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Lipid profile of rats fed high-fat diets based on flaxseed, peanut, trout, or chicken skin.
Nutrition. 2006 Feb; 22(2):197-205.N

Abstract

OBJECTIVE

Dietary saturated fatty acids are associated with coronary disease. Conversely, dietary monounsaturated polyunsaturated fatty acids (MUFAs) and polyunsaturated fatty acids (PUFAs) seem to exert a protective effect. This study evaluated the lipid profile of rats fed high-fat (HF) diets, with fat added as different sources of PUFA (flaxseed and trout), MUFA (peanut), and saturated fatty acid (chicken skin).

METHODS

Adult male Wistar rats were placed into six dietary groups (n = 10): control (normal); high fat, with 1% cholesterol, 10% soy oil, and 5% lard; and four groups fed similar HF diets, with 10% lipid as trout, flaxseed, peanut, or chicken skin. After 28 d the animals were killed. Blood, livers, and adipose tissue samples were collected.

RESULTS

A higher level (P < 0.05) of total serum cholesterol was observed in rats fed the normal diet (93.57 +/- 14.95 mg/dL) compared with those fed the HF diet (67.57 +/- 12.54 mg/dL). Total cholesterol levels in rats fed the flaxseed diet were lower (P < 0.05) than in rats fed the other fats. No difference was observed in cholesterol levels between groups fed the peanut and chicken skin diets (P > 0.05). Animals fed the peanut diet showed decreased body weight gain than did animals in the other treatment groups. There were large lipid and cholesterol depositions in livers of rats fed the HF diet. Lipid deposition in adipose tissue followed the same dietary fatty acid profile, i.e., high levels of omega-3 PUFA in the flaxseed group, high levels of MUFA in the peanut and chicken skin groups and high levels of omega-6 PUFA in the trout group.

CONCLUSIONS

These data indicate that flaxseed is promising for dietary manipulation of hyperlipidemia.

Authors+Show Affiliations

Universidade Federal de Viçosa, Viçosa, Minas Gerais, Brazil.No affiliation info availableNo affiliation info availableNo affiliation info availableNo affiliation info availableNo affiliation info available

Pub Type(s)

Journal Article

Language

eng

PubMed ID

16459232

Citation

Cintra, Dennys E C., et al. "Lipid Profile of Rats Fed High-fat Diets Based On Flaxseed, Peanut, Trout, or Chicken Skin." Nutrition (Burbank, Los Angeles County, Calif.), vol. 22, no. 2, 2006, pp. 197-205.
Cintra DE, Costa AV, Peluzio Mdo C, et al. Lipid profile of rats fed high-fat diets based on flaxseed, peanut, trout, or chicken skin. Nutrition. 2006;22(2):197-205.
Cintra, D. E., Costa, A. V., Peluzio, M. d. o. . C., Matta, S. L., Silva, M. T., & Costa, N. M. (2006). Lipid profile of rats fed high-fat diets based on flaxseed, peanut, trout, or chicken skin. Nutrition (Burbank, Los Angeles County, Calif.), 22(2), 197-205.
Cintra DE, et al. Lipid Profile of Rats Fed High-fat Diets Based On Flaxseed, Peanut, Trout, or Chicken Skin. Nutrition. 2006;22(2):197-205. PubMed PMID: 16459232.
* Article titles in AMA citation format should be in sentence-case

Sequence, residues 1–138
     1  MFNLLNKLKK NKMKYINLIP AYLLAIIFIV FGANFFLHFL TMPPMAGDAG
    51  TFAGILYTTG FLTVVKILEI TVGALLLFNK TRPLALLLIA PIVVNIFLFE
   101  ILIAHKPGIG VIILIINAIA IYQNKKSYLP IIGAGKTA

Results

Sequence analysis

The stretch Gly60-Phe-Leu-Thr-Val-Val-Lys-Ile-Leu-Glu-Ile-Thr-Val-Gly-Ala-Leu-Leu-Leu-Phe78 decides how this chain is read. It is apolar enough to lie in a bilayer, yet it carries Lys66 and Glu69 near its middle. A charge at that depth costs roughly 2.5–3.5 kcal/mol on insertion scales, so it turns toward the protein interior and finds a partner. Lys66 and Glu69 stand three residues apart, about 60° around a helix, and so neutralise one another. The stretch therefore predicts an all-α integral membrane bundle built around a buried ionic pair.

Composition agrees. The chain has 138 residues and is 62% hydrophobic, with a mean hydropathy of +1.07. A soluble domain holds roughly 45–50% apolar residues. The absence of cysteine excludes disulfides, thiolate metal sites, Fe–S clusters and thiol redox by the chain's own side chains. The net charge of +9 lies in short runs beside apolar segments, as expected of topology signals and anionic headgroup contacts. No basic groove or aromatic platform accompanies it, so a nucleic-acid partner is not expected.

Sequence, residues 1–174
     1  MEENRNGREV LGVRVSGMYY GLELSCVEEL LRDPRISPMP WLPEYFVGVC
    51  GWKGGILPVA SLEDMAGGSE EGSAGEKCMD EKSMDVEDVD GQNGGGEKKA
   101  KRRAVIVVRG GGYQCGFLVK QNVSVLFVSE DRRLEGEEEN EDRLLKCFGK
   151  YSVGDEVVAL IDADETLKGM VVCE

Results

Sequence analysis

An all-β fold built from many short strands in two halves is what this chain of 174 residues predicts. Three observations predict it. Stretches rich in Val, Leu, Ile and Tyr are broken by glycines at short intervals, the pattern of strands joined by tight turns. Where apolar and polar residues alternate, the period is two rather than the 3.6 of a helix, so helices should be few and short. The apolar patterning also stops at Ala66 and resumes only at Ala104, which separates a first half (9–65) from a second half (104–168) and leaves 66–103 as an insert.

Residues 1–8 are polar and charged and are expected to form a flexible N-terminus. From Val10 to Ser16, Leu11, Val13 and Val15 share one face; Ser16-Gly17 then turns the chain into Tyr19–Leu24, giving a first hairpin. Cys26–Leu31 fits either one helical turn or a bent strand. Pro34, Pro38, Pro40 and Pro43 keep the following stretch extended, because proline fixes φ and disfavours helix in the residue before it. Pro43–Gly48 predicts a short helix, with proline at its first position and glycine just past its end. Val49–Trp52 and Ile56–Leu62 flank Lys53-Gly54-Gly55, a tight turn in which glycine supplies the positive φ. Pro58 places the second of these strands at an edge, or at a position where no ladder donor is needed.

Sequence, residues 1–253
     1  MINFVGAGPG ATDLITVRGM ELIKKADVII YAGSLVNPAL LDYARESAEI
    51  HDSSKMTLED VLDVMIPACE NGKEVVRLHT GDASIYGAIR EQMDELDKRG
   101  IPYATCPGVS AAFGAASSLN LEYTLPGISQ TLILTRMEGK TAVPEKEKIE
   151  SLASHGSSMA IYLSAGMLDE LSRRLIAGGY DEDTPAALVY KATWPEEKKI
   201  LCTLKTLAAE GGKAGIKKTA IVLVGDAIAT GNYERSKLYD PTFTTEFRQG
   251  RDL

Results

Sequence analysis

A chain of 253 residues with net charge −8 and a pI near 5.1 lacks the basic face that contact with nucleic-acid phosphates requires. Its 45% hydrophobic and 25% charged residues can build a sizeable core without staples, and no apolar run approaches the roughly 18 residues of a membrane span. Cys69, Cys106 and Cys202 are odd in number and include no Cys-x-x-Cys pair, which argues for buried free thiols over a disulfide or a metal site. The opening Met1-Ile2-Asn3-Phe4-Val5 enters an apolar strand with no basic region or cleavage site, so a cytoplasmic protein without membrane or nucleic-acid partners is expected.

TY - JOUR T1 - Lipid profile of rats fed high-fat diets based on flaxseed, peanut, trout, or chicken skin. AU - Cintra,Dennys E C, AU - Costa,Andrég V, AU - Peluzio,Maria do Carmo G, AU - Matta,Sérgio L P, AU - Silva,Marco Túlio C, AU - Costa,Neuza M B, PY - 2005/05/04/received PY - 2005/09/01/revised PY - 2005/09/03/accepted PY - 2006/2/7/pubmed PY - 2006/8/1/medline PY - 2006/2/7/entrez SP - 197 EP - 205 JF - Nutrition (Burbank, Los Angeles County, Calif.) JO - Nutrition VL - 22 IS - 2 N2 - OBJECTIVE: Dietary saturated fatty acids are associated with coronary disease. Conversely, dietary monounsaturated polyunsaturated fatty acids (MUFAs) and polyunsaturated fatty acids (PUFAs) seem to exert a protective effect. This study evaluated the lipid profile of rats fed high-fat (HF) diets, with fat added as different sources of PUFA (flaxseed and trout), MUFA (peanut), and saturated fatty acid (chicken skin). METHODS: Adult male Wistar rats were placed into six dietary groups (n = 10): control (normal); high fat, with 1% cholesterol, 10% soy oil, and 5% lard; and four groups fed similar HF diets, with 10% lipid as trout, flaxseed, peanut, or chicken skin. After 28 d the animals were killed. Blood, livers, and adipose tissue samples were collected. RESULTS: A higher level (P < 0.05) of total serum cholesterol was observed in rats fed the normal diet (93.57 +/- 14.95 mg/dL) compared with those fed the HF diet (67.57 +/- 12.54 mg/dL). Total cholesterol levels in rats fed the flaxseed diet were lower (P < 0.05) than in rats fed the other fats. No difference was observed in cholesterol levels between groups fed the peanut and chicken skin diets (P > 0.05). Animals fed the peanut diet showed decreased body weight gain than did animals in the other treatment groups. There were large lipid and cholesterol depositions in livers of rats fed the HF diet. Lipid deposition in adipose tissue followed the same dietary fatty acid profile, i.e., high levels of omega-3 PUFA in the flaxseed group, high levels of MUFA in the peanut and chicken skin groups and high levels of omega-6 PUFA in the trout group. CONCLUSIONS: These data indicate that flaxseed is promising for dietary manipulation of hyperlipidemia. SN - 0899-9007 UR - https://www.unboundmedicine.com/medline/citation/16459232/Lipid_profile_of_rats_fed_high_fat_diets_based_on_flaxseed_peanut_trout_or_chicken_skin_ L2 - https://linkinghub.elsevier.com/retrieve/pii/S0899-9007(05)00293-5 DB - PRIME DP - Unbound Medicine ER -